Medicine and the Market
Equity v. Choice
Much has been written about medicine and the market in recent years. This book is the first to include an assessment of market influence in both developed and developing countries, and among the very few that have tried to evaluate the actual health and economic impact of market theory and practices in a wide range of national settings.
Tracing the path that market practices have taken from Adam Smith in the eighteenth century into twenty-first-century health care, Daniel Callahan and Angela A. Wasunna add a fresh dimension: they compare the different approaches taken in the market debate by health care economists, conservative market advocates, and liberal supporters of single-payer or government-regulated systems.
In addition to laying out the market-versus-government struggle around the world—from Canada and the United States to Western Europe, Latin America, and many African and Asian countries—they assess the leading market practices, such as competition, physician incentives, and co-payments, for their economic and health efficacy to determine whether they work as advertised.
This timely and necessary book engages new dimensions of a development that has urgent consequences for the delivery of health care worldwide.
About the Authors
Daniel Callahan is the director of International Programs and Angela A. Wasunna is assistant director of International Programs at Pfizer, Inc.
"A timely and necessary contribution. Whether or not one agrees with the authors' conclusions, the book is essential reading for anyone concerned with health care reform. It carries out the critical task of placing our national health care debates in the wider context of justice and health care reform around the world. "
"A detailed analysis of the differences between health care systems in the United States, Canada, Western Europe, Latin America, and several countries in Asia and Africa."
"Among the many valuable contributions of Medicine and the Market... is its potential to motivate a new program of qualitative research into the impact of different health care funding and distribution arrangements, not simply upon our bodies, but also, as it were, upon our souls."
"[Callahan and Wasunna] convincingly show that, in health care, markets are famous for maximizing choice, not efficiency."
"A book that deserves to be read by anyone concerned with health systems analysis and health care reform."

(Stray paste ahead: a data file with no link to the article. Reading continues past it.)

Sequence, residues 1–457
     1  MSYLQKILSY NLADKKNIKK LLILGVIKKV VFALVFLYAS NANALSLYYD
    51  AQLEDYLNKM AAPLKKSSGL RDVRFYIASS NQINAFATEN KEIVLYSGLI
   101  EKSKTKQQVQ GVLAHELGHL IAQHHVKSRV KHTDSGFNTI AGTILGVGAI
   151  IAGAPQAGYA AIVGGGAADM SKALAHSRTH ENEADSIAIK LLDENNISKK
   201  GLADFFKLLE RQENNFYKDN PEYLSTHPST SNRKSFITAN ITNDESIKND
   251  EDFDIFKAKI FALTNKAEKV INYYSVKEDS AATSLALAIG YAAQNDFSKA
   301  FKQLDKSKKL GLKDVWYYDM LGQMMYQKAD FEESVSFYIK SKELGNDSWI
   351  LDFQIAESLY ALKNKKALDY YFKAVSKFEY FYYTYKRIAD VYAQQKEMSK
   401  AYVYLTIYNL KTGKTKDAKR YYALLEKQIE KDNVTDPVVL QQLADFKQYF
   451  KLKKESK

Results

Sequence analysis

"The book will interest readers of this journal because the national case studies are alert to both the distant and recent past."
"The global survey of market influences in health care that Callahan and Wasunna conduct is extensive and complete."
"Internationally informed with extensive cross cultural data, this is a book that didn't merely hold my interest from start to finish—I often found myself excited by it."
"This book provides a great deal of information about a 'hot' topic that heretofore has not been available in a single source."
"A thoughtful and penetrating analysis, from an international perspective, of how social values, scientific progress, and public aspirations have shaped the role of the market in medicine and health care. By rising above stereotypes, simple dichotomous choices, and a single concept of 'the market,' this book provides insights into how effective, efficient, affordable, and more equitable health care could be achieved—thus better meeting the goals of medicine locally and globally."
"No topic in health care today is more important, and this is the best book on the subject that I have seen. It is scholarly, yet engrossing and easily accessible for the general reader. It will be widely discussed."
"In what often is but faith-based policy analysis, free markets have become in the minds of many the next new panacea that will solve our economic and moral health care dilemmas. In this fine book, Daniel Callahan and Angela Wasunna explore the empirical underpinnings of this faith. Without rejecting the potential of market forces in health care outright—which would be another faith-based gesture—they present a thoughtful portrait of the strength and limitations of that approach in the context of health care. Their work is a must read for any would-be health care reformer."
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